Aussies Living Simply

Advice for Renters – power alternatives

Viewing 15 posts - 1 through 15 (of 15 total)
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  • #257104
    zippyzippy
    Member

    Being a novice on the topic, I’m itching to find out some power alternatives for those of us who rent and can’t simply add solar panels onto the roof. Or can I? Are they easy to move from house to house?

    I’m the type that wants to save on my energy bills, loves the idea of solar and wind but doesn’t think there’s much point in buying a portable “suitcase” style solar pack as it probably wouldn’t even run the hair dryer!

    I’m desperate to save money on electricity bills, use all the usual tips but want something more.

    Any help would be marvelous.

    (currently on the grid in suburbia)

    Suzi

    #525293
    RobyneRobyne
    Member

    the agents of this house we are in suggested we put solar panels on the roof to cut down the power we use. I said what if we leave and the answer is the solar stays as it becomes the landlords property as its connected to the roof. So why should I pay for someone else who does nothing to reapair anything going wrong at this place. the land agents actually replaced the smoke alarms yesterday as they were over 10 years old and they have to be replaced in this state by law according to the land agent. The guy who replaced them got 10 year batteries in them. So we don’t need to replace the battery just test them.

    The old ones were made in SA the new one in CHina.

    Our power bills are around the $250 a quarter and if we pay it before it is due we get 10% off. Our last bill was under $200. AS we pay $25 a week pre pay our account is always paid on time.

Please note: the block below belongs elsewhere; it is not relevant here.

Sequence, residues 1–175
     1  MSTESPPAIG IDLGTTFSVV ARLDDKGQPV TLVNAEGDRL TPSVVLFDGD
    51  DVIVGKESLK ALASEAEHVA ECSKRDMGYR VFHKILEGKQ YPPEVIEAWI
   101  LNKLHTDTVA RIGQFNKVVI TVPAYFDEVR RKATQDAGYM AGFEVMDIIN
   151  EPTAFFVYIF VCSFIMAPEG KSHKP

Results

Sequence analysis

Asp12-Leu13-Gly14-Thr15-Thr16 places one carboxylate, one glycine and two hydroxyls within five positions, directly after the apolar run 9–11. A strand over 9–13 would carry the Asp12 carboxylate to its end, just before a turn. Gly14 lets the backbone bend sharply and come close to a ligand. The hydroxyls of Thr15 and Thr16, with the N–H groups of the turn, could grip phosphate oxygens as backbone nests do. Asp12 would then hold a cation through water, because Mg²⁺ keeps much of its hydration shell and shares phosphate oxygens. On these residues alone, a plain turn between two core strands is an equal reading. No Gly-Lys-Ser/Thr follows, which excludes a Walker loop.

#525294
    WombatWombat
    Member

    Hey Suzi! :wave:

    Have you thought about solar driven appliances like the freeplay radio and those $20 flexible solar powered lamps from IKEA rather than a centralised system?

    On the other hand a modular (transportable) centralised system is possible but would take time, effort and (dare I say it) money to put together. Send me a PM or email me through our website if you want to kick around some ideas.

    Nev

    #525295
    KiewietKiewiet
    Member

    Hi Zippy

    I’ve been in the same boat – wishing for portable solar for renters that is affordable too. So far no luck but I do use solar rechargers for gadgets and also put some solar lights (cheap garden kind) outside during the day and place them indoors as “mood lighting” at night. You can’t read by them but you can see enough for doing a few things and for getting around the house (- brilliant in the loo at night as no-one switches the light on and leaves it on anymore!).

    As a renter you are very much limited by what you can do but by saving as much as you can it becomes manageable. My bill is far less than most of my friends bills due to habits

    I am sure you allready do most of the following,

    Switch off everything at the wall plug when not in use. I try to let my hair dry naturally as long as I can and just finish it off with the hairdryer and use blankets and hotwater bottles instead of heaters. I boil the kettle and put the remaing water into a thermos – great for a ciuppa later and even for filling up the hotwater in the sink to do dishes (it takes five minutes to get hot water to the kitchen tap at my place lagging notwithstanding :ohmy: )

    Cooking in batches saves a lot of power and just reheating in the microwave as does using a dreampot. I spent some money on a induction cooktop (just a single small one) and use it 90% of the time as it saves time and $$. I dry laundry outside and use a solar cooker when I can.

    There is also an offer in SA for “Living Green” free standby power controllers and energy saving lightbulbs – see livelivegreen.com.augreen.com.au . these will switch off the power draw but enable you to still switch things back on using remotes.

    I hope one day some one comes out with something that renters can use – whoever does will make a fortune!

    #525296
    VickieVickie
    Member

    kiewiet, we tried using outdoor solar lights as night lightsfor the kids.. but the fizz out about 2am.. do the ones you use stay charged all night, becuase this would be awesomefor our loo if we could find one that was on all night??

    #525297
    KiewietKiewiet
    Member

    Funnyly enough the cheap ones do. My DD also bought cheap solar fairy string lights which hld out almost every night unless we have had very little sun. I must say I have changed the atteries in some.